Hypertension is found in more than 50% of pediatric patients with CKD. However, its prevalence varies according to the cause of CKD. It is relatively infrequent in children with structural disorders. Acquired renal disorders are associated with an increased prevalence of hypertension, similar to that of adults. Recent studies using ambulatory blood pressure monitoring indicate that children with CKD also have a high prevalence of masked hypertension. Similar to adults, long-standing and uncontrolled hypertension in children is associated with the progression of CKD and development of end-organ damage including early cardiomyopathy and premature atherosclerosis. Aggressive treatment of hypertension should be an essential part of pediatric CKD care, not just to prevent the development of symptomatic cardiovascular disease but also to delay progression of CKD. Recent findings from the European Effect of Strict Blood Pressure Control and ACE Inhibition on Progression of Chronic Renal Failure in Pediatric Patients (ESCAPE) trial have shown that the aggressive treatment of blood pressure, to below the 50th percentile, has even greater benefit in children with CKD, unlike results seen in adult studies.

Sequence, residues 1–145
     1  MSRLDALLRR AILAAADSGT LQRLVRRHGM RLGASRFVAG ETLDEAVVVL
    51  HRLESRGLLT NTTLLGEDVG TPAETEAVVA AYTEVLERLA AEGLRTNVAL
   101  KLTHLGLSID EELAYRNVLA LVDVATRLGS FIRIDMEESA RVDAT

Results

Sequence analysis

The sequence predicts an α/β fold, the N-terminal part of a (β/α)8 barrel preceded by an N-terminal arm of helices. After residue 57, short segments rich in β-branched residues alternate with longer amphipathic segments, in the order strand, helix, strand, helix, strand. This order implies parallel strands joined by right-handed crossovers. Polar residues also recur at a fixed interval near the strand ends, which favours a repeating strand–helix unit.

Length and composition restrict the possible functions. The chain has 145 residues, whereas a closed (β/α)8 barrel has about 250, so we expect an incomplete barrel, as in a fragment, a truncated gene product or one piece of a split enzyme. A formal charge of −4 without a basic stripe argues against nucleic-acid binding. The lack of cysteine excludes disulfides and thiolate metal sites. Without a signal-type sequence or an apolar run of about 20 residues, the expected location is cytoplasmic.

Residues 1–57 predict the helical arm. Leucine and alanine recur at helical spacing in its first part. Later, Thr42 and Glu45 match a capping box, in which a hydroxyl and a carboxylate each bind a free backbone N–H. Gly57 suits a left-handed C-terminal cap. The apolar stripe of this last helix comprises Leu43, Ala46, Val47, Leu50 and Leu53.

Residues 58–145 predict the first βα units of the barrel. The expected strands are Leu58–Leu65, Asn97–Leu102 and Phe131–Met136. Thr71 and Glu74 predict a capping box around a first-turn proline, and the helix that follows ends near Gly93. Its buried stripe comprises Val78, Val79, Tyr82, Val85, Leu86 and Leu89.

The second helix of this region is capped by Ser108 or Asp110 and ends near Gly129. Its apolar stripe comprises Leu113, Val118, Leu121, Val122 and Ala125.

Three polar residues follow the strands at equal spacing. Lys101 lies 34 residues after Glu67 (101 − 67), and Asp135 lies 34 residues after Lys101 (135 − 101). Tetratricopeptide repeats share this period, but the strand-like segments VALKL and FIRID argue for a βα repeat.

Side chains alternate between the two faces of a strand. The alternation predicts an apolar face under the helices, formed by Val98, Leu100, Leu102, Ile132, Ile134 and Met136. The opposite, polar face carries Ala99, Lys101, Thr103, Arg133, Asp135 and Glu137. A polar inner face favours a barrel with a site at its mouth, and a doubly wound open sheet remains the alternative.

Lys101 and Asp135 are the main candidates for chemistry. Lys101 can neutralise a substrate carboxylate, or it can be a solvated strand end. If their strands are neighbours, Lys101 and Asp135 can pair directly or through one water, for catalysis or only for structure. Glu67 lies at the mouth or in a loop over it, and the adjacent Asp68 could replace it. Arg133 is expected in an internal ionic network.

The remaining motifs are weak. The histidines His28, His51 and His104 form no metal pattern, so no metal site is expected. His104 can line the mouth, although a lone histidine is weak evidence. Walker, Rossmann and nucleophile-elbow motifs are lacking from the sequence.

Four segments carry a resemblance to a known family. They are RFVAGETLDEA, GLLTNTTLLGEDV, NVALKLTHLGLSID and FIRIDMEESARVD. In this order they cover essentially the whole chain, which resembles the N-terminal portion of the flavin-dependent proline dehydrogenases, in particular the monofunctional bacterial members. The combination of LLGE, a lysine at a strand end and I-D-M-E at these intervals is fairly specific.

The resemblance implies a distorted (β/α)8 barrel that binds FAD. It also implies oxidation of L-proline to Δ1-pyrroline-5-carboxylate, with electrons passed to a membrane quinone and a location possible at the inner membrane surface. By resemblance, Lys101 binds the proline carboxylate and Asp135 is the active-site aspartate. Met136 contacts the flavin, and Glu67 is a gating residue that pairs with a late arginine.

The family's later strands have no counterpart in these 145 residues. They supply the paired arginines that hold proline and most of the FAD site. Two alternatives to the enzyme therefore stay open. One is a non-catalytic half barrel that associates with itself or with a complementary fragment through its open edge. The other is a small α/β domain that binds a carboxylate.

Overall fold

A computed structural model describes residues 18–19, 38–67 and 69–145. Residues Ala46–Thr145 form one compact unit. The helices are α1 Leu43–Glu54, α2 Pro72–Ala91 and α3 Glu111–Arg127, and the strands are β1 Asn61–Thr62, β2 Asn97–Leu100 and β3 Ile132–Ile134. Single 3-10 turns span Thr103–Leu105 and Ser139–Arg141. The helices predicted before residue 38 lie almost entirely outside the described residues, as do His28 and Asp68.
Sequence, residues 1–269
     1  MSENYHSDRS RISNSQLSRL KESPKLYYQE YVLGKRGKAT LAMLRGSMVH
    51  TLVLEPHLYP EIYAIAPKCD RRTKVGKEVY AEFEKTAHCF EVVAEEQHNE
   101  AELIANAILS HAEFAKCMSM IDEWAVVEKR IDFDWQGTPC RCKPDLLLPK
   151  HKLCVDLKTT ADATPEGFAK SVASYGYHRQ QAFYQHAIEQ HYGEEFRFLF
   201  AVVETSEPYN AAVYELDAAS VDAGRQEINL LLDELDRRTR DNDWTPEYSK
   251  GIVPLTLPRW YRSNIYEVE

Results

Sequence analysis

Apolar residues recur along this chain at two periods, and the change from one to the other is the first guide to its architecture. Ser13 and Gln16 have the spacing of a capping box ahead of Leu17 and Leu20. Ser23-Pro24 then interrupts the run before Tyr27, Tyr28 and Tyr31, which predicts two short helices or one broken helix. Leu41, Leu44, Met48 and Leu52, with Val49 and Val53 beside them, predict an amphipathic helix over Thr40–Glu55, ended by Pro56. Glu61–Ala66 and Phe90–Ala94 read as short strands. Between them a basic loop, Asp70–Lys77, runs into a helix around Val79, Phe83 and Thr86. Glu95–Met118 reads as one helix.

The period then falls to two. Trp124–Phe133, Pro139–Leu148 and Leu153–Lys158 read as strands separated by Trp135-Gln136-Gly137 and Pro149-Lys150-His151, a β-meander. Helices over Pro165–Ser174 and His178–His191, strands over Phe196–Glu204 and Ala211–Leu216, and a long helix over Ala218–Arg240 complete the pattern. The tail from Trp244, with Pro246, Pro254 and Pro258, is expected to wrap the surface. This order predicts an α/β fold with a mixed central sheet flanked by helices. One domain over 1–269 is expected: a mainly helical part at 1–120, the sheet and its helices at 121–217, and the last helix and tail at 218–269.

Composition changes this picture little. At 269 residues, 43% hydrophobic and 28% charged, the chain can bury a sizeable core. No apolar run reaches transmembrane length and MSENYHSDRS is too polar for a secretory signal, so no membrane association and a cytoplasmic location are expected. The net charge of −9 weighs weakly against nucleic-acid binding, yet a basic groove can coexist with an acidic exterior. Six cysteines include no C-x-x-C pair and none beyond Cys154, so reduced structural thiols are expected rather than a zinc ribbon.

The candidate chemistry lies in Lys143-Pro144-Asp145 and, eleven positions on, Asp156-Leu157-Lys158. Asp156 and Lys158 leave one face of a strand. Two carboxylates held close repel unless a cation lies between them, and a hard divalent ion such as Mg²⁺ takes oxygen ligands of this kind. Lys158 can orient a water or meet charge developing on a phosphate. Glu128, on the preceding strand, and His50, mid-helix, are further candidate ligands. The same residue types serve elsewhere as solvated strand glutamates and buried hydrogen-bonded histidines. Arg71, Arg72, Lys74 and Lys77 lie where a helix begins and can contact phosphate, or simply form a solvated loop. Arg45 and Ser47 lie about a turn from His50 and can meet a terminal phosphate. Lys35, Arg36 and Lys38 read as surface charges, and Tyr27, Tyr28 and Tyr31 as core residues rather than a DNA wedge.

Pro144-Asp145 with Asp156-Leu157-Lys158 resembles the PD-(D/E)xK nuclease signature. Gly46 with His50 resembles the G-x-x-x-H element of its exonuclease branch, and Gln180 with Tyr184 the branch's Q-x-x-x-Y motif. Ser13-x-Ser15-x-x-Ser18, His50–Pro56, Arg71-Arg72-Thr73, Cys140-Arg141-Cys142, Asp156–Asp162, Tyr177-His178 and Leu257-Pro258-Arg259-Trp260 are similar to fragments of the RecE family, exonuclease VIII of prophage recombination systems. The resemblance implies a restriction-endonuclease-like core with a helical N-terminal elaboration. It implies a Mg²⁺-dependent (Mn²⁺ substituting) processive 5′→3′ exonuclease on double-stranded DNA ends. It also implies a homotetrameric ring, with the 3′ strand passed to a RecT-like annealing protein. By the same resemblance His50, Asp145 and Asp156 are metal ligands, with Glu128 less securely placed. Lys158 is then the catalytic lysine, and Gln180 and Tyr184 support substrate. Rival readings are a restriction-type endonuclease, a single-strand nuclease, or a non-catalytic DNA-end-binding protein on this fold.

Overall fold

Copyright © 2011 National Kidney Foundation, Inc. Published by Elsevier Inc. All rights reserved.